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The agreement for the first time sets different efficiency standard levels in three climate regions - North, South, and Southwest - recognizing that appropriate investments in heating and cooling efficiency depend on usage. Such regional standards are allowed under the Energy Independence and Security Act of 2007.
The agreement also allows states to include even higher efficiency levels for heating and cooling systems in new homes. New houses can be built without physical restrictions that might hinder installation of highly efficient equipment, as there might be when replacing equipment in an existing home. This new agreement is said to strike a balance between the desire for greater state and regional flexibility and the need for a uniform marketplace, and it looks to the nation’s long-term energy future by supporting the most efficient new systems where they are most cost-effective.
The new standards are projected to save U.S. consumers about $13 billion in today’s dollars between 2013, when the new standards begin to take effect, and 2030 - taking into account the incremental cost of the more efficient equipment. The new standards would raise the minimum efficiency of residential central air conditioning systems by about 8 percent and furnaces by about 13 percent and would result in a 5 percent reduction of the total heating energy load and a 6 percent reduction of the total cooling energy load in 2030.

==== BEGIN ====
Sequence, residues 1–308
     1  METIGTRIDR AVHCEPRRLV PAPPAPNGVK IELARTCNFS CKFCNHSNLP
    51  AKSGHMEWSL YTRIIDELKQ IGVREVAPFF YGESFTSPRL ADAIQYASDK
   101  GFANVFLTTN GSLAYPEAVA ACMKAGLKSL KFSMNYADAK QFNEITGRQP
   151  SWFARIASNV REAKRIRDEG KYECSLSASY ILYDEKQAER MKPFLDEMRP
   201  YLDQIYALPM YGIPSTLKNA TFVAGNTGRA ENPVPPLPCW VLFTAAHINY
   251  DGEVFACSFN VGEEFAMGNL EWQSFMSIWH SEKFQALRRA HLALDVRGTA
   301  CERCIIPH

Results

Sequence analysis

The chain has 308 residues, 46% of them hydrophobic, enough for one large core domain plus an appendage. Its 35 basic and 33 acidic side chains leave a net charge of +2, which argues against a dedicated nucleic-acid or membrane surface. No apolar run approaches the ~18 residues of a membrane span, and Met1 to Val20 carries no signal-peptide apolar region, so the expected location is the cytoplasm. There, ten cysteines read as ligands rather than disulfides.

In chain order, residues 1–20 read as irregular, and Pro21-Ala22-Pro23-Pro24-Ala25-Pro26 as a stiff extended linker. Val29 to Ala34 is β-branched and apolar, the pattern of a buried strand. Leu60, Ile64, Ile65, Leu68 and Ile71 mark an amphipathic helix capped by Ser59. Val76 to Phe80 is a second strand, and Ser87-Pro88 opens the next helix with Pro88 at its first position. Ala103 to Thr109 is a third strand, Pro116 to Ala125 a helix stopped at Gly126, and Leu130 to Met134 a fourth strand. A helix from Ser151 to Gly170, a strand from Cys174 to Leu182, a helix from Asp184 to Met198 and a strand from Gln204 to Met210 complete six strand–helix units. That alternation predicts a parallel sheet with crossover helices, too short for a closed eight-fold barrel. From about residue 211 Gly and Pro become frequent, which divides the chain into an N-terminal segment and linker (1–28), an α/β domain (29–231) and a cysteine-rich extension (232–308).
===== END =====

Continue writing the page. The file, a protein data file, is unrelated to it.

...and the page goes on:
Executives of AHRI, American Council for an Energy Efficient Economy (ACEEE), Alliance to Save Energy (Alliance), Natural Resources Defense Council (NRDC), Northeast Energy Efficiency Partnerships (NEEP), Appliance Standards Awareness Project (ASAP), California Energy Commission (CEC), Northwest Power and Conservation Council (NWPCC), and more than a dozen individual furnace and air conditioner manufacturers signed the agreement following months of negotiations.
The signatories agreed to submit their agreement jointly as a legislative proposal to Congress for inclusion in the energy legislation currently under consideration. The groups will also recommend that the U.S. Department of Energy (DOE) promulgate a rule adopting the agreed-upon regions and efficiency standards.
“In addition to saving significant amounts of energy for the nation - and saving consumers considerable money - this agreement provides industry with greater certainty in the marketplace, which enables more investment, enhances global competitiveness, and preserves jobs,” said Stephen Yurek, president of AHRI.
Steven Nadel, executive director of ACEEE, said, “We believe this proposal represents a large leap forward in improving our nation’s energy efficiency, while also reducing consumer energy bills and helping to clean our environment. Regional standards are a major step for cost-effective savings and will help manufacturers meet the very different needs of homes in cold, hot-humid, and hot-dry climates.”
“We all know that constructing buildings efficiently ‘from the ground up’ is the best way to maximize savings of energy, money, and emissions,” said Alliance to Save Energy President Kateri Callahan. “This is particularly critical in homes, where heating and cooling typically account for the largest single chunk - about 40 percent - of monthly energy bills. So the building codes provision of today’s agreement is especially significant, as it allows states to adopt codes that will ensure major savings for new homeowners while also taking a bite out of global warming.”
For more information on AHRI, visit www.ahrinet.org. For more information on ACEEE, visit aceee.org. For more information on the Alliance to Save Energy, visit www.ase.org.
Publication date: 10/12/2009